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Jacobins

A political sect that sprang up in the beginning of the French Revolution, and which have origin to the Jacobin clubs, so well known as having been the places where the leaders of the Revolution concocted their plans for the abolition of the monarchy and the aristocracy. Lieber says that it is a most surprising phenomenon that "so large a body of men could be found uniting rare energy with execrable vice, political madness, and outrageous cruelty, committed always in the name of virtue." Barruel, in his History de Jacobinisme, and Robinson, in his Proofs of a Conspiracy, both endeavor to prove that there was a coalition of the revolutionary conspirators with the Illuminati and the Freemasons which formed the Jacobin Clubs, those Bodies being, as they contend, only Masonic Lodges in disguise.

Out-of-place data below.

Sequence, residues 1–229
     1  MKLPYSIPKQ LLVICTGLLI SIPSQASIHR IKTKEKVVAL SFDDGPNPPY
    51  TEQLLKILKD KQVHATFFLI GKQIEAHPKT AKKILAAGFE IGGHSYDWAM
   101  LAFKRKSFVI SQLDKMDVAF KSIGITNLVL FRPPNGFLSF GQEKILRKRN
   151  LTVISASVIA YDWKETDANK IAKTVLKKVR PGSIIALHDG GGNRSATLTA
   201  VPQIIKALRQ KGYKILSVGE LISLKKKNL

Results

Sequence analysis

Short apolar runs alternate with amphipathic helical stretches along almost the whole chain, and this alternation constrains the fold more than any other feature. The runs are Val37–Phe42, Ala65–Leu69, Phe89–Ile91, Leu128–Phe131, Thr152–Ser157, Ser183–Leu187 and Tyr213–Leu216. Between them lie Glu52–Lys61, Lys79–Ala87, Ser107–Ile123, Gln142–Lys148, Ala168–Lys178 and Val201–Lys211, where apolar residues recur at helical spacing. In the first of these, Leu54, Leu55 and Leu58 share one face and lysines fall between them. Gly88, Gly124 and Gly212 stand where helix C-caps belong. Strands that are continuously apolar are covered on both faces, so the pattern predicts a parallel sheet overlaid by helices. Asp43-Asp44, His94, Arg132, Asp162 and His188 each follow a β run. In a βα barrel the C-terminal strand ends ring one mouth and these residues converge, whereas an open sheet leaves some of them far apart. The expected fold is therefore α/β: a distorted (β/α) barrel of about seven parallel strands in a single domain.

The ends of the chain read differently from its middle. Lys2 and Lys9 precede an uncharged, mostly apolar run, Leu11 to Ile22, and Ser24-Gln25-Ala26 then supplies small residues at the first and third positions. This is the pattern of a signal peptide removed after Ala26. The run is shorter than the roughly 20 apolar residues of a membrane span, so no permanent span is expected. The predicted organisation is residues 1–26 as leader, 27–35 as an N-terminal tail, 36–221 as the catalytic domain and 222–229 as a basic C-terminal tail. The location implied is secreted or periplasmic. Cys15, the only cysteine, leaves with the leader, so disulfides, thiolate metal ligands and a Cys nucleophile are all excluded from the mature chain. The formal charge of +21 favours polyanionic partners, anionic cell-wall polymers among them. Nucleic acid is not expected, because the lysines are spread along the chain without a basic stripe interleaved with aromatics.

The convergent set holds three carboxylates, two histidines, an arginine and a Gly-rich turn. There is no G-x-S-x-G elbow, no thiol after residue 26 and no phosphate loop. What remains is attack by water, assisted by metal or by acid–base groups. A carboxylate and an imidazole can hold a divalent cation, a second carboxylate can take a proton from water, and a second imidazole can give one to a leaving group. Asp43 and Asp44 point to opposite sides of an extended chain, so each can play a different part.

The falsity of these charges will be evident to anyone who reads the history of French Freemasonry during the Revolution, and more especially during that part of the period known as the Reign of Terror, when the Jacobin Clubs were in most vigor. The Grand Orient, in 1788, declared that a politico-Masonic work, entitled Les Jesuites chasss de la Maonnerie et leur Poignard bris par les Maons, meaning The Jesuits driven from Freemasonry and their weapon broken by the Freemasons, was the production of a perverse mind, prepared as a poison for the destruction of Freemasonry, and ordered it to be burned. During the Revolution, the Grand Orient suspended its labors, and the Lodges in France were dissolved; and in 1793, the Duke of Orleans, the head of the Jacobins, who was also, unfortunately, Grand Master of the French Freemasons, resigned the latter position, assigning as a reason that he did not believe that there should be any mystery nor any Secret Society in a Republic. It is evident that the Freemasons, as an Order, held themselves aloof from the political contests of that period.

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